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MARCH 2009



Think tank: GM could be top of the crops

March 15, 2009
Think tank: GM could be top of the crops
Could genetically modified food secure Irish farmers' future?
Dr Ewen Mullins

When the Common Agricultural Policy (CAP) was in place, Ireland concentrated on boosting crop yields by increased use of pesticides and fertilisers. Between 1985 and 2006, Irish cereal production increased by 4.6%, yet the area under cereals declined by 29%, from 380,000 hectares to 270,000.

But these dramatic efficiencies came with a significant social and environmental cost. The number of agricultural workers in Ireland has declined to approximately 40% of what it was in 1973 and there has been an enormous deterioration in water and soil quality. There has been a noticeable reduction in biological diversity on farms.

Equally dramatic changes are expected to occur in agriculture between now and 2030. The old target of producing cheap and abundant food has been replaced. Everyone agrees there is a need to farm in an efficient and sustainable manner.

A key challenge for countries such as Ireland is to produce sufficient supplies of food, feed and fuel without compromising on public health or having a negative impact on the environment.

Certain agricultural technologies, such as genetically modified (GM) crops, have been championed as a way to maximise production while having a minimal environmental impact. While their introduction has been hailed by some as positive, others regard it as negative because of perceived biosafety issues.

Last year, 125m hectares of GM crops were cultivated worldwide. As yet, though, Irish farmers have chosen not to grow them. The principle reason is the current suite of EU-approved GM crops is not suited to Ireland's agri-environment. But this will change in the near future as new varieties with increased disease resistance, elevated protein content and improved bioenergy potential come on stream.

The relevance of these crops is all the more real in light of the challenges facing Irish agriculture. Climate change will be hugely demanding for tillage farmers. By 2040, temperatures in Ireland are predicted to increase by 1.25-1.5C, with rainfall expected to increase by up to 15% in the winter months and to decrease by up to 20% over the summer.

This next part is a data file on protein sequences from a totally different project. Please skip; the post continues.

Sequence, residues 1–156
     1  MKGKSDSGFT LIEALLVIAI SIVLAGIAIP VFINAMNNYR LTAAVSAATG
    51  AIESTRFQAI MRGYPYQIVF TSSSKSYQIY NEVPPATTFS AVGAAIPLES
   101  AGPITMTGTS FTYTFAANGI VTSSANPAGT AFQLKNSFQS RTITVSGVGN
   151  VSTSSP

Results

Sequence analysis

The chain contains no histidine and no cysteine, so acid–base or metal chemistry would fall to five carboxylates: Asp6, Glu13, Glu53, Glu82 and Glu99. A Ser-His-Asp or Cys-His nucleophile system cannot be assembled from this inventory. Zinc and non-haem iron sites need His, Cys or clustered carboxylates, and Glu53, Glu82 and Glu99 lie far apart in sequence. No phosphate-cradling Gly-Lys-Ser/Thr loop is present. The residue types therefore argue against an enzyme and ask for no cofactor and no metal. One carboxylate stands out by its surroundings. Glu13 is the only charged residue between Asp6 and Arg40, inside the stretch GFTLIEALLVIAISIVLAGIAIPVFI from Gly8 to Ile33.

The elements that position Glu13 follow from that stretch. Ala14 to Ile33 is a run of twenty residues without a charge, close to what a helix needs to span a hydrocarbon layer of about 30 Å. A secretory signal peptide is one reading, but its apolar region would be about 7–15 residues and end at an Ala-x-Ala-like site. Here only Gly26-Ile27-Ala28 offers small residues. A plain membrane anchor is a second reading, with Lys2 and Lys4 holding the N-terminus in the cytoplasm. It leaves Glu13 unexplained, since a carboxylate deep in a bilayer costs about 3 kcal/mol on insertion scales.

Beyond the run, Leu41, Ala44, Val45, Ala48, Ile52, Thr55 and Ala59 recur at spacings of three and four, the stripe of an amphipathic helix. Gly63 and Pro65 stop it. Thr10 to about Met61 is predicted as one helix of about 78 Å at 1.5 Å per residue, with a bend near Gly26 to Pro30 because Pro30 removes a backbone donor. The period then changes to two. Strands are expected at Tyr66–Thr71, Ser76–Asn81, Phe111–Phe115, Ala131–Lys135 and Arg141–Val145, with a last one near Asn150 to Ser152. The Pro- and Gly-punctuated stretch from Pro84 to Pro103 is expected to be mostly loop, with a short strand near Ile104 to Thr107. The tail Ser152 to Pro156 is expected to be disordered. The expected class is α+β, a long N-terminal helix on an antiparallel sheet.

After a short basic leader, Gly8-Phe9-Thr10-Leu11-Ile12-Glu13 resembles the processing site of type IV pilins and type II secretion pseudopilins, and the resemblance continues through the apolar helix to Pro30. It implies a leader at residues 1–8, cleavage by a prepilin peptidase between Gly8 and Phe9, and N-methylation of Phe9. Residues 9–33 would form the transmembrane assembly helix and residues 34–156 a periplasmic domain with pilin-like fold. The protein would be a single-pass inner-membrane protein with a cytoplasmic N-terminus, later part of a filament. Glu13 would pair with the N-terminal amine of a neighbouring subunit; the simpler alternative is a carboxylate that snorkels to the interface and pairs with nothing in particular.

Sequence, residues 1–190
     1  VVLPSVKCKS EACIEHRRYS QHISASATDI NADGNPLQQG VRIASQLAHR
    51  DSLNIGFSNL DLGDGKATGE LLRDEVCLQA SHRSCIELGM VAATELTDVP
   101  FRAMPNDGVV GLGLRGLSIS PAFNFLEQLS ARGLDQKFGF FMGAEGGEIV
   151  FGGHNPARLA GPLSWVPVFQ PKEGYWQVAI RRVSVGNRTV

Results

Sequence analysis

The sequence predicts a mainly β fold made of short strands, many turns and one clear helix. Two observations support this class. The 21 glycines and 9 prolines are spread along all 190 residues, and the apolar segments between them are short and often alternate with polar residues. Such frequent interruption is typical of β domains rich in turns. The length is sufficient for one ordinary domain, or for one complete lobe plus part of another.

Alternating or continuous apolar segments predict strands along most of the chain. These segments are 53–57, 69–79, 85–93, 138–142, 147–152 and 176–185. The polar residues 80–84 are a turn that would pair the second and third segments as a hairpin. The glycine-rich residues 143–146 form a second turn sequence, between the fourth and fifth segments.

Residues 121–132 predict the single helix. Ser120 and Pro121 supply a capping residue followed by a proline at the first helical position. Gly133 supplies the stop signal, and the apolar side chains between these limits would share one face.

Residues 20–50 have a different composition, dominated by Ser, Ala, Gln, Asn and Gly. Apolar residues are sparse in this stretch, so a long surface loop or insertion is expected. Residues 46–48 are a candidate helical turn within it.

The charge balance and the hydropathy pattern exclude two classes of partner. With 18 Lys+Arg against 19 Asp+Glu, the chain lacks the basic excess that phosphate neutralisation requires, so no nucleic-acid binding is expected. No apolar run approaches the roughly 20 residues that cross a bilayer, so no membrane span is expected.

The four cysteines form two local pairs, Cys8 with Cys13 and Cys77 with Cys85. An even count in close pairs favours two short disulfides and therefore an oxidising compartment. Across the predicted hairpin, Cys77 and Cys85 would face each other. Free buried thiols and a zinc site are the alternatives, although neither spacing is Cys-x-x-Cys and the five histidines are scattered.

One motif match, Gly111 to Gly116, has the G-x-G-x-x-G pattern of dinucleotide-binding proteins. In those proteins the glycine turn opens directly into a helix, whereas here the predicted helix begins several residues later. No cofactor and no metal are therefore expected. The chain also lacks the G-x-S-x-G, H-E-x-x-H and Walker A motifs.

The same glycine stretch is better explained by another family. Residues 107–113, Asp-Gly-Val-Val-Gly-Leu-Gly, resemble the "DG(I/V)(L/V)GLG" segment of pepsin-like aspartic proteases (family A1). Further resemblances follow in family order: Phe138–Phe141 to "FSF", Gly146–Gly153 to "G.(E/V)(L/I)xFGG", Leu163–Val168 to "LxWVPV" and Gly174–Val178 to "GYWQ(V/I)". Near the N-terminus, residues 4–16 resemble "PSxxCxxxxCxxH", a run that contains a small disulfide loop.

The rise in temperature will increase the potential for crops such as forage maize, but weeds will adapt to climate change more quickly because of their genetic advantage. That means more robust herbicides will be required. There will also be a tendency for pests and diseases currently found further south in Europe to migrate north.

EU proposals to reduce the type of chemical fungicides available to farmers will undermine the existing programmes of disease-control for potato, wheat and barley, whose economic viability depends on farmers' ability to control fungal diseases. The EU's water-framework and nitrates directives aim to reduce eutrophication — an increase in chemical nutrients — in waterways and the application of nutrients on farmland. Increasing our production of biofuels on the same amount of land, while ensuring no loss of biodiversity, is a huge challenge that will be difficult to achieve without using proven technologies.

Reducing the use of fungicides and herbicides is a critical goal. In 2004, total chemical inputs for arable crops in Ireland totalled 1,520 tonnes, including 663 tonnes of herbicide, 619 of fungicide, 29 of insecticide and 209 of other products. New crops that are modified to resist disease will give Irish farmers the opportunity to reduce use of fungicides.

Potato varieties resistant to blight have been created and are now being tested. Potato farmers currently spray their crop with fungicides up to 14 times per growing season; a blight-tolerant variety could eliminate this. That would save the farmer up to €200 a hectare and reduce the crop's environmental impact. The introduction of GM crops has been greeted with scepticism, especially among the public. But the increase in food and feed prices, and the shortages of both experienced last year, may eventually change the public's opinion.

The cultivation of GM crops in Ireland, and in other EU countries that have so far resisted this technology, ultimately depends on how each of them responds to global market forces and European environmental legislation. These challenges will decide the crop varieties grown in Europe in the coming two decades and beyond.

Dr Ewen Mullins is a senior research officer at the Teagasc Crops Research Centre in Carlow. This is an excerpt from recent research published in Annals of Applied Biology.